The role that angling clubs’ bailiffs play in looking after our fisheries is vital. Not least for spotting illegal fishing or pollution issues. But did you know many of them are volunteers?
They’re a unique set of volunteer eyes and ears. Every club or organisation with an agreement for fishing rights with us, must provide adequate bailiffing.
The Environment Agency (EA) or Natural Resources Wales (NRW) employ ‘water bailiffs’ to enforce the Salmon & Freshwater Fisheries Act 1975 as amended (SAFFA) and various other legislation, such as the Eel regulations 2009 and the Keeping and Introduction of Fish regulations 2015, for which is required a KIFR permit.
Water bailiffs carry warrants and have the same powers of arrest as police. They can enter property, check rod licences and arrest people.
There are currently around 70 full time EA bailiffs, and it’s certainly an opportunity for anyone looking for a career in fisheries.
Angling club bailiffs are legally ‘water keepers’. They don’t have any special legal powers. However, they do carry out the authority of their employer (although most are actually volunteers). In this case the fishery owner or angling club to whom they report. The water keeper has the powers to prevent the civil wrong of trespass.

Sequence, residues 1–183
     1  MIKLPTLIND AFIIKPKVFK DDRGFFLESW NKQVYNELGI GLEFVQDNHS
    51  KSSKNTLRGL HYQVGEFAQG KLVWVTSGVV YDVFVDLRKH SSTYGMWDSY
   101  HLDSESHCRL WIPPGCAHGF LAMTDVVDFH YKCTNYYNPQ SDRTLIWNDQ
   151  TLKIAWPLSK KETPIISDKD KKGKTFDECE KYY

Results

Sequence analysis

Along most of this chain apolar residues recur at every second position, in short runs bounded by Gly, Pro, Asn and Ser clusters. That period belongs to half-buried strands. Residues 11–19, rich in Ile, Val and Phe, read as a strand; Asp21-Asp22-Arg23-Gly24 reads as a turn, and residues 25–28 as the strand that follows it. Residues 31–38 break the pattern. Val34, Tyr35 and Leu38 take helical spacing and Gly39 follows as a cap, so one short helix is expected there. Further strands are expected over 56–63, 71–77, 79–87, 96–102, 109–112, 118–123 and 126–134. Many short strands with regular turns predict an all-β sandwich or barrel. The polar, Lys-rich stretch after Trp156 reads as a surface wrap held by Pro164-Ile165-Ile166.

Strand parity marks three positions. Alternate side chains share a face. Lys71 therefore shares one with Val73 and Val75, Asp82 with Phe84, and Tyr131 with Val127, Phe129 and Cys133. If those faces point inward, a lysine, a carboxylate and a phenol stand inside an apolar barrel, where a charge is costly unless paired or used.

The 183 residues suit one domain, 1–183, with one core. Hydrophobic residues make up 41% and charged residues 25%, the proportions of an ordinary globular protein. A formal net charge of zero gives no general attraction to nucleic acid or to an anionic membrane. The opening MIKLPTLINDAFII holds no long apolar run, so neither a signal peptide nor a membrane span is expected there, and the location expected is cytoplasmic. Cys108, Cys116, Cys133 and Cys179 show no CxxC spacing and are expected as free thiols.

When an angler breaks the fishery rules, eg. uses a bait or method not allowed as part of the permission granted to the permit holder, then this makes the offending angler a trespasser in law. That’s why the wording used by fishery owners and angling clubs on their permits is important - it allows water keepers to check anglers’ permits, tackle and boxes.